"Health Belief Model" is a wonderful example of a paper on the health system. The course of an individual’ s actions depends on the individual’ s perception of the ultimate benefits and the hindrances that are related to the behavior on health status. The health belief model has six constructs. The original tenets developed of the health belief model are the first four constructs. The remaining two constructs were added later as more research done on the health belief model evolved (Champion & Skinner, 2008). The constructs include Perceived susceptibility- it refers to an individual’ s subjective perception of the risks involved in acquiring an illness. Perceived severity- this refers to the feelings on the seriousness of a person contracting the disease.
A person’ s feelings of an individual’ s vulnerability to a given disease do vary a lot. Perceived benefits- this refers to an individual’ s perception of several actions that are available to the reduction of the threat of disease. Perceived barriers- refer to an individual’ s feelings on the obstacles to performing an action on the health that is recommended. Cue to action- this is regarded as the stimulus needed to trigger any decision-making process so that any recommended action of health can be accepted and adopted. Self-efficacy- refers to the level of an individual’ s confidence and trust in the ability to perform a health behavior successfully. Application of health belief model on a patient with diabetes mellitus Diabetes mellitus is a metabolic disease that is characterized by elevated blood glucose levels.
The effect of the disease may be acute or chronic, and many organs might be involved (Janz NK, Champion VL, 2002). Patient’ s Knowledge of Present illness The patient can explain the illness that he or she has: “ I have been having diabetes for the past ten years” .
The patient must have the knowledge of the condition that is suffering from and the necessary steps that are required of him or her to follow to bring desired changes. Wants to know The patient should show acceptance to his or her illness as the source of suffering that has been developing in him due to inheritance, but his lifestyle and eating habits have significantly contributed to the illness. Patient’ s beliefs about the illness The patient must be able to believe that the only source of illness comes from the family tree in terms of genetic predisposition and not from any other source such as possessions and black magic.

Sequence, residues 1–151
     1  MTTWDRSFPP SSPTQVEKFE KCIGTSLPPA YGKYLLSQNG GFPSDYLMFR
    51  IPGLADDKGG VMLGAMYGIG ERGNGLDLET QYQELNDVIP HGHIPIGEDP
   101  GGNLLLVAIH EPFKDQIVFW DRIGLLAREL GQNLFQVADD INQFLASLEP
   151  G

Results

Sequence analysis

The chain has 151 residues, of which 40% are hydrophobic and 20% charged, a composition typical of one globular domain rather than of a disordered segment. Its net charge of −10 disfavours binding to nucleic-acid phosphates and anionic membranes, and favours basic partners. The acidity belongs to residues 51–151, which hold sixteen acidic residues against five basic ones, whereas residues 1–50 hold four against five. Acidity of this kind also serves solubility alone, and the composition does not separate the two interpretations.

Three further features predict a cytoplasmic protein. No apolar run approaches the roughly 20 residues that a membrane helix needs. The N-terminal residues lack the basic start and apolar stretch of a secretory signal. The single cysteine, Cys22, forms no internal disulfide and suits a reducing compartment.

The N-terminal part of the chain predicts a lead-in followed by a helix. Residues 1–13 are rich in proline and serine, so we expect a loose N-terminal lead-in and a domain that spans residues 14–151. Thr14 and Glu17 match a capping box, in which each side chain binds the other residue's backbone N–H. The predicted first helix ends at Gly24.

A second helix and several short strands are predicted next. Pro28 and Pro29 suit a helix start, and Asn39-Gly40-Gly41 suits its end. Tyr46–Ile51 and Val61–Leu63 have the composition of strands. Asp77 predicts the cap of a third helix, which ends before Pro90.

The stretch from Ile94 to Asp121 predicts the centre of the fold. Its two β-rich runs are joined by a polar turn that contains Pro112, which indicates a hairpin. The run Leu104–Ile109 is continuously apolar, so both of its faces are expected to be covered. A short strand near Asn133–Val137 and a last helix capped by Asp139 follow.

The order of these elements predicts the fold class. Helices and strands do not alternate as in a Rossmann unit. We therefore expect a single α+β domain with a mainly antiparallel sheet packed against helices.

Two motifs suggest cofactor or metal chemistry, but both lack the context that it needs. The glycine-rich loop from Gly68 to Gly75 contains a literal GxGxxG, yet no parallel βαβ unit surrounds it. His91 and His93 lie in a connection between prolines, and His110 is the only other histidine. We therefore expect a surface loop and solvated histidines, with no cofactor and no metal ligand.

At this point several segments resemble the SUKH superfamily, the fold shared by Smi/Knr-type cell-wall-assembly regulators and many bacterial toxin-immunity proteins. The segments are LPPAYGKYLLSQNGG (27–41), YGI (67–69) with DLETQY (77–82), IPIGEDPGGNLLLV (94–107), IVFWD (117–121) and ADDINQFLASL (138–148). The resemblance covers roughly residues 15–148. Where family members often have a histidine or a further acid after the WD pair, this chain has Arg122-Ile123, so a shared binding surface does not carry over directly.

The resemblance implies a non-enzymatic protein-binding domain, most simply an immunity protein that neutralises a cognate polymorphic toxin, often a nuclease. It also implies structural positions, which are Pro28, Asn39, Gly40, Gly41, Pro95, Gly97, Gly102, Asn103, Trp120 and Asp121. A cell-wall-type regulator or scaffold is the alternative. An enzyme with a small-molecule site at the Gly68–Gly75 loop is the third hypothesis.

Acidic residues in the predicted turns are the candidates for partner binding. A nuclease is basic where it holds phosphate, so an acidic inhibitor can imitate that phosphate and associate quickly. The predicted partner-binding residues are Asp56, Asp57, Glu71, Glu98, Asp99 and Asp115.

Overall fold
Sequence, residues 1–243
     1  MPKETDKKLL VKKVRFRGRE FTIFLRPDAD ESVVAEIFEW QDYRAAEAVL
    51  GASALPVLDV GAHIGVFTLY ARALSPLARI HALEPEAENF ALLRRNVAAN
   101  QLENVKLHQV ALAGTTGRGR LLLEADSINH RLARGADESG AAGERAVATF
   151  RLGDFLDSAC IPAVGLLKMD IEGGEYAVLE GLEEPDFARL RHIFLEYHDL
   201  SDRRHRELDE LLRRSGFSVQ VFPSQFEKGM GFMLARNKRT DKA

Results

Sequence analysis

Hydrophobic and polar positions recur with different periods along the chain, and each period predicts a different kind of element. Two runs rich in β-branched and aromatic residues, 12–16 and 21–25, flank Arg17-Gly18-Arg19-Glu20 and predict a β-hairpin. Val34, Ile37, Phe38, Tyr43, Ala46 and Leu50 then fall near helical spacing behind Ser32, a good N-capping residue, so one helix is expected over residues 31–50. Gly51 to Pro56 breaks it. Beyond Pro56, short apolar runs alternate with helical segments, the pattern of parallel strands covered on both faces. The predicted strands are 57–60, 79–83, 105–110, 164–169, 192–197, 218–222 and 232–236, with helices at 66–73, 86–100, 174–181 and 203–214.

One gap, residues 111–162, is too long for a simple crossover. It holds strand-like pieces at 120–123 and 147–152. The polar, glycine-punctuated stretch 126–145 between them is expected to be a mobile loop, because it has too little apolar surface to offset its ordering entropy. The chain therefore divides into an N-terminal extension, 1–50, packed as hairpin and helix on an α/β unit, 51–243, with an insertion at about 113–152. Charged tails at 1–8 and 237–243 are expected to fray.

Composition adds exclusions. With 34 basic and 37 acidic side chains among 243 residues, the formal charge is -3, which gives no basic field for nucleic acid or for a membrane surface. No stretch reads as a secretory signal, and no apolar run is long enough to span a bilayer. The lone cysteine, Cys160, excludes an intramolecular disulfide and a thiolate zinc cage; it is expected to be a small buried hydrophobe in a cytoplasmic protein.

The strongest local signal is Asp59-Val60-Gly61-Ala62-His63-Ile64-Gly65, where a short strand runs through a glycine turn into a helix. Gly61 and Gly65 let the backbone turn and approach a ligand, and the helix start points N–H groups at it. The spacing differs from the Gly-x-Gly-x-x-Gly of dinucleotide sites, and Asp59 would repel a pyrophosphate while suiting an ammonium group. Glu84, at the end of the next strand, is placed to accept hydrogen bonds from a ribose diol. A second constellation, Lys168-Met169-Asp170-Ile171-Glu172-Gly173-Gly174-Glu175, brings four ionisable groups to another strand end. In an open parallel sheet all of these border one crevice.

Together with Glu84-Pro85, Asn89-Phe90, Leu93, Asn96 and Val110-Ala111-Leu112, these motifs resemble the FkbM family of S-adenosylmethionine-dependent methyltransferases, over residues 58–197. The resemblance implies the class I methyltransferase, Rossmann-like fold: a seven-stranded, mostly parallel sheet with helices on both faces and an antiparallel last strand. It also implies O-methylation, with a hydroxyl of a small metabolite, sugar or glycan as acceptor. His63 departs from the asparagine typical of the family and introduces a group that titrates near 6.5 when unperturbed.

This understanding of the existence of God through belief and that no other thing of a supernatural power has contributed to his or her condition may fasten his or her acceptance and thereby improve health action behaviors. Does the patient have a social support network? Support is an important aspect of this model so that the patient can be able to adopt the behaviors needed, and it can come from friends and family. Has the patient’ s accepted his present condition? “ I know, Diabetes is incurable” But, why I’ m getting ulcers frequently. ” “ I want to get discharged soon; will I be discharged next week? ” the patient must have accepted what is going on in his life so that the health model can be used appropriately.
Without this acceptance, it will be hard for the patient to adopt new behaviors. How does he cope with problems? As explained by the patient? The patient accepts the status of his condition as a diabetic patient, and he or she understands the importance of medication adherence and modification of lifestyle.
Because the patient has several servants at home, there are no difficulties for him or her to carrying out her or his daily activities. Anxiety The patient looks worried about the developing foot ulcer that is not healing. He or she has fluctuating blood sugar between normal and high values. The patient is planning to follow all the instructions regarding the ulcer. Concern Yes, the patient is worried whether the developing ulcer will respond to the treatment.
The patient’ s fear is that six months ago when there was an ulcer on the two figures of the toe it prompted amputation. The patient was advised on below-knee amputation but decided to get a discharge so that the leg could be saved. How the patient has adapted to illness? The patient was going to survive very well since he or she takes good care of his or her business.
Al-Ali, N., & Haddad, L. G. (2004). The effect of the health belief model in explaining exercise participation among Jordanian myocardial infarction patients. Journal of Transcultural Nursing : Official Journal of the Transcultural Nursing Society / Transcultural Nursing Society, 15, 114–121. doi:10.1177/1043659603262484
Champion, V. L., & Skinner, C. S. (2008). The Health Belief Model. In Health Behavior and Health Education: Theory, Research and Practice (pp. 45–65).
Clarke, V. A., Lovegrove, H., Williams, A., & Machperson, M. (2000). Unrealistic optimism and the health belief model. Journal of Behavioral Medicine, 23, 367–376. doi:10.1023/A:1005500917875
Janz, N. K., Champion, V. L., & Strecher, V. J. (2002). The Health Belief Model. In Health Behavior and Health Education (Vol. Second, pp. 45–66). doi:10.1111/j.1746-1561.1983.tb04047.x
Janz NK, Champion VL, S. V. (2002). The Health Belief Model. In Health Behaviour and Health Education: Theory, Research and Practice.